344. Another method of testing, which is the one usually adopted in the case of single-cylinder engines, is to remove the plug, rest it so that while its body makes contact with some metal part of the machine the terminal end is well clear, and kick the engine over. If the plug is firing properly, there will be a regular spark at the points. If there is no spark, or only a spark up inside the plug, there are three possibilities: (I) the insulation has broken down (which spells replacement); (2) the plug requires cleaning (see Paragraphs 347. 348); or (3) the gap at the points is incorrect (see Paragraph 349).

345. When using a Neon tube spark test, run the engine slowly and hold the business end of the tester on the plug terminal. It is probable that unless the plug is absolutely "dead ", some sort of a flash will be seen. If the plug is really working correctly a good bright flash should be evident. A dim flash will indicate that the plug is dirty or that the points are too close, and an irregular flash will indicate that the plug is sparking intermittently owing either to faulty insulation or to a film of soot or oil causing a short circuit. A Neon tester is particularly useful with a 4-cylinder engine as a rapid means of diagnosis, but it will be understood that a certain amount of common sense must be exercised in reading its indications.

Failure under Compression

346. A sparking plug will sometimes spark quite satisfactorily in the open air yet will not fire regularly under compression. The reason for this may be soot on the internal insulation, this soot, under these conditions, offering an easier path for the high tension current than the gap between the plug points. In such a case, it is very difficult indeed to detect the fault. If one adopts the wise practice of carrying a spare plug that is known to be in first-class condition and this plug is tried and proves to be perfectly satisfactory, there is a very strong clue as to the cause of the trouble. The gap should be checked (see Paragraph 349) and if this is in order, the plug carefully cleaned in accordance with the hints that follow.

Cleaning
347. Much can be done in the way of cleaning the electrodes and body of a sooty plug by careful scraping with an old penknife, that is, once the plug has been "split ". Most plugs are of the detachable type and can be dismantled quite easily if care is taken-or ruined if the job is tackled haphazardly. Mount the hexagonal body of the plug in a vice and then instead of using an adjustable spanner or an ordinary set spanner on the somewhat flimsy gland nut, employ either a ring spanner or a box spanner -one that fits the nut perfectly. A ring spanner is best because a box spanner is rocked rather too easily. A few taps on the end of the ring spanner will generally do the trick.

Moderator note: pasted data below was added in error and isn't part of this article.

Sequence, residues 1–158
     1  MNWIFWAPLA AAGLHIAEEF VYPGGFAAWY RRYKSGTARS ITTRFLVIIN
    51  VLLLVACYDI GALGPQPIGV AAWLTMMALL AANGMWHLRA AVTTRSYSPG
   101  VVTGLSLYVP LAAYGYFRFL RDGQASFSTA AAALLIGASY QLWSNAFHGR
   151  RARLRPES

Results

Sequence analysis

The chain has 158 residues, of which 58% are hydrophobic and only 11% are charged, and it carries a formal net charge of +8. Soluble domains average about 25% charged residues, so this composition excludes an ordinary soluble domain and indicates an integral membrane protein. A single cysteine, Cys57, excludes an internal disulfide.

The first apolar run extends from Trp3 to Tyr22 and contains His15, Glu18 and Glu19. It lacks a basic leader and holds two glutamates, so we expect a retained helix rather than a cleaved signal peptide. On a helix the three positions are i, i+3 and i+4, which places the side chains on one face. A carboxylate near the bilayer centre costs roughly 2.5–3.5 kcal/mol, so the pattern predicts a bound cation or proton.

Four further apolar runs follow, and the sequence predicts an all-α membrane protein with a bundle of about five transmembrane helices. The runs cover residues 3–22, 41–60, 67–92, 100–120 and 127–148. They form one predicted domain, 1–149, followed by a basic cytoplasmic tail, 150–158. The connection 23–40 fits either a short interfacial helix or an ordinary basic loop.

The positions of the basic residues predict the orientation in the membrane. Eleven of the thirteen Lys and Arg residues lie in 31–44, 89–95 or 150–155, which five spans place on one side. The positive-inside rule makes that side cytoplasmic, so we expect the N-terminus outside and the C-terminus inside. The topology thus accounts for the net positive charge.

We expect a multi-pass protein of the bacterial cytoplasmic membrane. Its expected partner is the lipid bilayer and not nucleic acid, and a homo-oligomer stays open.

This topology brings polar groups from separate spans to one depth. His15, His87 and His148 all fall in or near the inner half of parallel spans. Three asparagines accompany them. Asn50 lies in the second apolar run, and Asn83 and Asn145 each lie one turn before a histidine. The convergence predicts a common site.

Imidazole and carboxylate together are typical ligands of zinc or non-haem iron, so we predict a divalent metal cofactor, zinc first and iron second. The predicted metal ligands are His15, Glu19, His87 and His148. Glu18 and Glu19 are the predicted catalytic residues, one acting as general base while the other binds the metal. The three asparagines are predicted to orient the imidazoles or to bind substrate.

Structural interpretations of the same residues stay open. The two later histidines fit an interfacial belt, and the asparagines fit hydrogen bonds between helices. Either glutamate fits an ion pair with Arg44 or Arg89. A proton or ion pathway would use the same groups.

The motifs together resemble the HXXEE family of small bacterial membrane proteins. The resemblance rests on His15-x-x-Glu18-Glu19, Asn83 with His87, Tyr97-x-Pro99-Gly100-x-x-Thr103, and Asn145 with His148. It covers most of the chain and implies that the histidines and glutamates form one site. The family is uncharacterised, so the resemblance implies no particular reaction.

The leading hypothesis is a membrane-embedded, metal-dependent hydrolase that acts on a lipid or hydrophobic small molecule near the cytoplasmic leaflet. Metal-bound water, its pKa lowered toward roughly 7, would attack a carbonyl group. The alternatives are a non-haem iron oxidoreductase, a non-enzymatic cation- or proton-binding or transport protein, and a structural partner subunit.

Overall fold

348. For cleaning the insulation of the plug, a piece of coarse rag, benzole mixture; and hard work are about as good as anything. Some people use emery cloth, which is quick but damages the insulation and sometime,s makes it rather too liable to sooting up. Other folk use caustic soda solution for cleaning plugs-in the same manner as used for engine decarbonization -but this spells ruination to some plugs.

General
Plug Points

349. As a rule the points of a sparking plug are adjusted by bending the point or points on the plug body until there is the required distance, measured by feeler gauge, between them and the central electrode; in no circumstances should the central electrode be bent. It frequently happens, however, that with detachable plugs the plug centre is slightly eccentric, and can be moved round as regards the plug body until the correct gap is obtained. The usual gap is 18 to 25/1,000 ths in.

350. After long usage, sparking-plug points burn away; the gap should, therefore, be tested periodically.

351. Black soot on the plug points denotes too rich a mixture. A weak mixture is denoted by a hard whitish appearance.

352. A sparking plug that is faulty can often be made like new by its makers at a cost considerably below that of a replacement.

353. A heap of old plugs lying about in any sort of repair is not much use. They should be properly cleaned and tested, and consigned to the dustbin if proved faulty and not worthy of renovation.

354. A square of patching rubber with a hole in the centre may be slid on the high-tension cable so that it is just in front of the plug, to provide an efficient substitute for a plug protector in cases where this useful accessory is not available.

355. When the terminal nut or clip has been lost, the h.t. cable may be kept on the plug by twisting it round and round a few times, like model-aeroplane elastic, before hooking it to the terminal; the natural "untwisting" desire of the cable will prevent it from coming off under all normal conditions.




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Offline a10gf

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Re: Maintenance 1938 style
« Reply #13 on: 23.04. 2014 19:20 »
"A somewhat exciting but certainly the quickest way of finding out whether the magneto is functioning is to place one finger on the plug terminal and at the same time kick the engine over"

lol

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Online madsens

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Re: Maintenance 1938 style
« Reply #14 on: 23.04. 2014 20:39 »
Tried that... or kind off  *doh*

Cleaned the slipring with a rag on a finger - that was before I knew very much about how a magnet works - and it did work! glad I didn't use a pacemaker....

regards
Joergen
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Denmark